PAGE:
To your average joe on the street with minimal understanding of how these things work? I could see it. To the people actually running the government and military though, most likely not.
Pétain famously told Churchill that Britain "would have its neck wrung like a chicken" within a few weeks.

US Adm Stark, then CNO, stated in an official memo in late 1940 that Britain was in grave danger.

In his memoirs, RAdm (then Cdr) Dan Gallery wrote that when he was sent as Naval Attaché to Britain in 1941, it was with the tacit agenda of learning as much as possible about Germany before Britain collapsed.

When the US Military Attaché to Romania returned to the US in 1942, he thought Germany had resources available to conquer Britain.

None of these men were "average Joe in the street".

Nor was Mussolini, who in June 1940 impulsively decided to enter a war he was sure would be over soon.

All these perceptions were wrong, of course. That's not the question, which is : Were these perceptions influenced by the Norway Campaign?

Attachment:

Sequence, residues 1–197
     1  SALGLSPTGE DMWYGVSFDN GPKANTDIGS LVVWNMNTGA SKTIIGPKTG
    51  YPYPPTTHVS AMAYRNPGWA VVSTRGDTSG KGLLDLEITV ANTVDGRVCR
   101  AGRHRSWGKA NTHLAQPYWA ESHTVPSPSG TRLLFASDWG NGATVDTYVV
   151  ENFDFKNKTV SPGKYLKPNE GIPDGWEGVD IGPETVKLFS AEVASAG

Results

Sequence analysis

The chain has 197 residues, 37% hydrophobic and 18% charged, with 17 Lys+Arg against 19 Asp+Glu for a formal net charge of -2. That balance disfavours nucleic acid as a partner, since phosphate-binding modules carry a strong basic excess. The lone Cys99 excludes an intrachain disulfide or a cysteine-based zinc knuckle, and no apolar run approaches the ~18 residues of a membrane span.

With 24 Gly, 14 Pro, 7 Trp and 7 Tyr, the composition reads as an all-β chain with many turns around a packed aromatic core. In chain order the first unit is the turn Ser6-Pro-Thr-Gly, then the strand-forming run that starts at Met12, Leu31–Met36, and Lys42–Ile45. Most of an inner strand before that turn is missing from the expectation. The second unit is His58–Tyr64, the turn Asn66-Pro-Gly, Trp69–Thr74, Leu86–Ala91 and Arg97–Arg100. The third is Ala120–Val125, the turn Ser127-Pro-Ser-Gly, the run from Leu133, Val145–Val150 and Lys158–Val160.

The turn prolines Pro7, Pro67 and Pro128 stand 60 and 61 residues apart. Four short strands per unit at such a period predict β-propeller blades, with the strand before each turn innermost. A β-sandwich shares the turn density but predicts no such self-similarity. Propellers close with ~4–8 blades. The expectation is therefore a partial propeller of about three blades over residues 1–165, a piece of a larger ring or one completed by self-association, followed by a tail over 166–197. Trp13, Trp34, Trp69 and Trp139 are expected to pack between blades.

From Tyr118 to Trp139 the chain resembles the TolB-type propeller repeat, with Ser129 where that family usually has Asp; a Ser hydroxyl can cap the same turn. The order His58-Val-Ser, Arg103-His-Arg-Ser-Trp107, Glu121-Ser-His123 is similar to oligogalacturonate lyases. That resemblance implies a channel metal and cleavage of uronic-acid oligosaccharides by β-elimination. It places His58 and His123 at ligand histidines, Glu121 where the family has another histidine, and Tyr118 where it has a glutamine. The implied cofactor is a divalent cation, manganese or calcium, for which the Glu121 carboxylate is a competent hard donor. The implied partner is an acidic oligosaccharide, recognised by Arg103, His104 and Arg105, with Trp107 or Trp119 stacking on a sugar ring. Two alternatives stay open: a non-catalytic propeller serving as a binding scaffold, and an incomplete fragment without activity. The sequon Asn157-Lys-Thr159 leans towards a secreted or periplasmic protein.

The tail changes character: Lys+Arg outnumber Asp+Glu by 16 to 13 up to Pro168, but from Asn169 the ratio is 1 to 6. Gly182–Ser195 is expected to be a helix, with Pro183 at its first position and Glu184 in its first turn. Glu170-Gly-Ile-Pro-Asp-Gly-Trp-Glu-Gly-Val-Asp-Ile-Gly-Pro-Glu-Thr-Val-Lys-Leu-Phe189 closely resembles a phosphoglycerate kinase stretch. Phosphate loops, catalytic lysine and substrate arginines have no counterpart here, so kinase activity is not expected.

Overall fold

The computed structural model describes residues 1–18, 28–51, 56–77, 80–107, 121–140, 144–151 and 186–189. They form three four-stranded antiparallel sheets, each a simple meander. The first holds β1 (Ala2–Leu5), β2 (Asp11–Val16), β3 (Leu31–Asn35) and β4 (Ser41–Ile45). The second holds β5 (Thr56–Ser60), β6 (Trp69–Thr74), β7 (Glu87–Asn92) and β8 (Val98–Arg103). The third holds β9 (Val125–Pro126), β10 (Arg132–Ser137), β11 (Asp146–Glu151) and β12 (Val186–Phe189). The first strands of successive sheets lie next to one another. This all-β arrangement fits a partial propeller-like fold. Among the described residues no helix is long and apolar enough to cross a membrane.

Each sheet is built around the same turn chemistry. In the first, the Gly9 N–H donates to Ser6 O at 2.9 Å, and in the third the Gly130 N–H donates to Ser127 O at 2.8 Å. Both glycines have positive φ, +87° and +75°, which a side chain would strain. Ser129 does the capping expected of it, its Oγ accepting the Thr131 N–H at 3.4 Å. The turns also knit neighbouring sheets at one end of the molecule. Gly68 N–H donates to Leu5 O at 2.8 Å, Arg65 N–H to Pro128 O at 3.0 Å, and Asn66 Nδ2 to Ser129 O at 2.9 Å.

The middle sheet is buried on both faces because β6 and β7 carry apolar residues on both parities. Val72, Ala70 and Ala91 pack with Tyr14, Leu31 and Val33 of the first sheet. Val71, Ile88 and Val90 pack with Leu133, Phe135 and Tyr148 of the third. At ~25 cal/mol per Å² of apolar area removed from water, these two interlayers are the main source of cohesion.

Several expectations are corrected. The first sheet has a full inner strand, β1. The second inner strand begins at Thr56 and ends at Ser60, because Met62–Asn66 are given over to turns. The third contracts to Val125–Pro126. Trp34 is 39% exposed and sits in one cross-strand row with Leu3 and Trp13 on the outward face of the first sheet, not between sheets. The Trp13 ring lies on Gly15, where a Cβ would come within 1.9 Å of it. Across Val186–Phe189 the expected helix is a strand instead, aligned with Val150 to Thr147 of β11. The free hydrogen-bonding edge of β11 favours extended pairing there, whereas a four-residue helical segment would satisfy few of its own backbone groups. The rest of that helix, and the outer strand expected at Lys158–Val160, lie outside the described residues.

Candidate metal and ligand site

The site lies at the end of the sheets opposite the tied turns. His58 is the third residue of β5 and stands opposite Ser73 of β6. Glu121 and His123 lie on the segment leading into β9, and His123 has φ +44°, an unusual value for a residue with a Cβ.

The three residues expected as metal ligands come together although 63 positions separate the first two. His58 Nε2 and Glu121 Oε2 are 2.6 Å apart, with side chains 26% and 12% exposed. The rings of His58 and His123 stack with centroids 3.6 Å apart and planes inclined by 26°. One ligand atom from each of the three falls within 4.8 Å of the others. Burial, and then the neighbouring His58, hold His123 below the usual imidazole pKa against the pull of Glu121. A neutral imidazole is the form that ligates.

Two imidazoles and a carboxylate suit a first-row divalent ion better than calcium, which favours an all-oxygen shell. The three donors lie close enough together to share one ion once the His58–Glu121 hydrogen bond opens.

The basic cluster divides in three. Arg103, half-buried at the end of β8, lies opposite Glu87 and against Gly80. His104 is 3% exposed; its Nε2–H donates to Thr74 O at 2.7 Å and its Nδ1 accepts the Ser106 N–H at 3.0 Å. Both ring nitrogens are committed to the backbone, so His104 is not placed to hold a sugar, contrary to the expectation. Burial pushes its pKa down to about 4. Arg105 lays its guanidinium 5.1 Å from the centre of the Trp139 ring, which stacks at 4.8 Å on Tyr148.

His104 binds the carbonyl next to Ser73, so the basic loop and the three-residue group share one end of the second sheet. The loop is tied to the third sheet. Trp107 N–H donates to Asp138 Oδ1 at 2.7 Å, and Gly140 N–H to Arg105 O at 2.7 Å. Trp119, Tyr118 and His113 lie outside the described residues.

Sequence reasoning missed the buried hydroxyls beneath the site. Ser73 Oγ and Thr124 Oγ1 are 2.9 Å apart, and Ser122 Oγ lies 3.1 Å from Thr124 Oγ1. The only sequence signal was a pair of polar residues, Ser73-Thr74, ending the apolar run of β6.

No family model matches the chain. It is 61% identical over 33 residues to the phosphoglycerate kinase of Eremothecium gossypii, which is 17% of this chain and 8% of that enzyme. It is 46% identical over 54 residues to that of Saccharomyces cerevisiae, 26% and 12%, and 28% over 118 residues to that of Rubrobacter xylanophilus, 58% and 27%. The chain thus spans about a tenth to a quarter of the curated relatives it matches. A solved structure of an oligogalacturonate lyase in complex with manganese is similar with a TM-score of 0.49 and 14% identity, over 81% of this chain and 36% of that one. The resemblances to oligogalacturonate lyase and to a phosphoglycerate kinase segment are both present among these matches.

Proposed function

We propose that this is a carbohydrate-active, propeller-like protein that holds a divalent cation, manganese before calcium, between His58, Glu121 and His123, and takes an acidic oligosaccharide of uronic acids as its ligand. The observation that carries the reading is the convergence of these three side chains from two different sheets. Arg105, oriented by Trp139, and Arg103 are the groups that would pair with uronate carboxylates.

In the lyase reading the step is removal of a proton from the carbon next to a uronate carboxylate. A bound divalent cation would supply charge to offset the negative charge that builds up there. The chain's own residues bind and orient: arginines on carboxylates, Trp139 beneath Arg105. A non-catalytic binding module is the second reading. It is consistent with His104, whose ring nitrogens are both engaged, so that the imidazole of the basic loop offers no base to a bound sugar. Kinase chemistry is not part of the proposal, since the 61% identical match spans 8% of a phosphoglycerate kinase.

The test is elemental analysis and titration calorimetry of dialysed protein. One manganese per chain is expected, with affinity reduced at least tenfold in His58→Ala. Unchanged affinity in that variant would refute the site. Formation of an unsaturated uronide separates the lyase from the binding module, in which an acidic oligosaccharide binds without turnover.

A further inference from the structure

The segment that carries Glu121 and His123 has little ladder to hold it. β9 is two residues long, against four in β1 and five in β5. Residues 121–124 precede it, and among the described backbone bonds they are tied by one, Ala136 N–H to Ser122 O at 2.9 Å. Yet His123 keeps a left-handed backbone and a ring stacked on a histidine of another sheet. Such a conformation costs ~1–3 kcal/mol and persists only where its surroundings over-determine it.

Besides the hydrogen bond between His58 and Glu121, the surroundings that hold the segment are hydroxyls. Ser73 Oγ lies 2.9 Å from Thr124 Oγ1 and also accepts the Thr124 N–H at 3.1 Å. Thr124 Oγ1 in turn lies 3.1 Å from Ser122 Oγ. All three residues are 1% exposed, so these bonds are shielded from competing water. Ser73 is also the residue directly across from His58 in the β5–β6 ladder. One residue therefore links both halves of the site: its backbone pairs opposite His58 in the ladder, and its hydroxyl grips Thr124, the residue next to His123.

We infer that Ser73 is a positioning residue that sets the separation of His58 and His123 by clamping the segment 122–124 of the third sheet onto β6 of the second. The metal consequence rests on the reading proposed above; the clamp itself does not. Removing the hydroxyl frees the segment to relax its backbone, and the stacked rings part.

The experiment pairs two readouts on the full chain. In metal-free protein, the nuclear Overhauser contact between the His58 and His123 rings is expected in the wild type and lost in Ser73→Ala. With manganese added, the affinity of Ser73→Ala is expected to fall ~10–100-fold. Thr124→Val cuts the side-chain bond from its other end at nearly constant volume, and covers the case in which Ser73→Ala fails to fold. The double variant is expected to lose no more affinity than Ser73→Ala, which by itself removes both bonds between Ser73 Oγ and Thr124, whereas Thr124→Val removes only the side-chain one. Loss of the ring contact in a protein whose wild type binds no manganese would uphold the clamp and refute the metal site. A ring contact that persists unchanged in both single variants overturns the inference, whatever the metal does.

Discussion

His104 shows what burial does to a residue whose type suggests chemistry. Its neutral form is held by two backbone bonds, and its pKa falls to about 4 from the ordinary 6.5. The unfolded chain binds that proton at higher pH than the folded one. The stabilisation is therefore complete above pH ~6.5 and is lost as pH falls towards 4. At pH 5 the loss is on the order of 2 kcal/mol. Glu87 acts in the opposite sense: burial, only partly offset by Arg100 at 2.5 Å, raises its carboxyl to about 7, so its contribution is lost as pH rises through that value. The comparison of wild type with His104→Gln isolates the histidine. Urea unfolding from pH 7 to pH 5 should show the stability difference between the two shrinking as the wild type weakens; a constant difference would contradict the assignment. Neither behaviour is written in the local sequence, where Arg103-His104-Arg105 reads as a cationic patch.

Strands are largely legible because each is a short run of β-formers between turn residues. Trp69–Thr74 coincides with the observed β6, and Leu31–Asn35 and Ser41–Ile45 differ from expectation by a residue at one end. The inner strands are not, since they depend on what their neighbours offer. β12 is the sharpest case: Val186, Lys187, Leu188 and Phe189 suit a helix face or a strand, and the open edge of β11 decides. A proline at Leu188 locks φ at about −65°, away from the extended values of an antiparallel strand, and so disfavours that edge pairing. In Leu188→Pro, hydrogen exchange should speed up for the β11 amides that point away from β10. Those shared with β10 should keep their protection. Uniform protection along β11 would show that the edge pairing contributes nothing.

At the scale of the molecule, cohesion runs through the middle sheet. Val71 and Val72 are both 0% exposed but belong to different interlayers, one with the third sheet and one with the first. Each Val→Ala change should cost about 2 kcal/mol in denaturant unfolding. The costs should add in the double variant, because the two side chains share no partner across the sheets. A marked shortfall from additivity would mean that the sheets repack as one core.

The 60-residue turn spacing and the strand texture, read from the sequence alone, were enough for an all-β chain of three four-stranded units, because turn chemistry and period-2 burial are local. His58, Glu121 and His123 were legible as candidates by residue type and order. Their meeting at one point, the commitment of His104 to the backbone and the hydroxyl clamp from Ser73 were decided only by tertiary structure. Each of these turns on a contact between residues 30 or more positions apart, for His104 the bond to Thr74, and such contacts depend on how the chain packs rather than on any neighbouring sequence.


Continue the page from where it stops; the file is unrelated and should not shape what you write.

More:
thaddeus

Donor
To your average joe on the street with minimal understanding of how these things work? I could see it. To the people actually running the government and military though, most likely not.
^^^^ this is my view (of the RN's view), not sure about the rest of civilian leadership in the UK or the leadership of other countries.

think the KM could have done a much better job and offered a much darker scenario to the Allies.

starting with their torpedo issues https://digitalcommons.georgiasouthern.edu/etd/599/ and the loss of their destroyers
 

Driftless

Donor
How much "victory disease" was running through the some parts of the OKW? I beleive some thought the whole 1939-40 war was a house of cards waiting to collapse disasterously. But with the successes of Poland and Norway, did some drink the Kool-aid? Though, in both cases, the assaults weren't as overwhelming as they were sold to the world public.
 
It was painted at the time as a 5th Column/‘Quisling’ takeover with Quisling being poster boy for treason. The reality was a bit different. The fall of France was portrayed was the French being a bit fascist themselves and not standing up to Germany. I think the average Brit justifiably felt secure with the Royal Navy blocking the way.
 
Bearing in mind how much damage the Kriegsmarine took in the Norwegian campaign... No.

exactly what i was going to say. Seeing that the attempt to take Oslo resulted in 1 brand new heavy cruiser being sunk by WWI weapons and another damaged, i don't think the Brits felt more in danger nor the Germans more confident in facing the RN.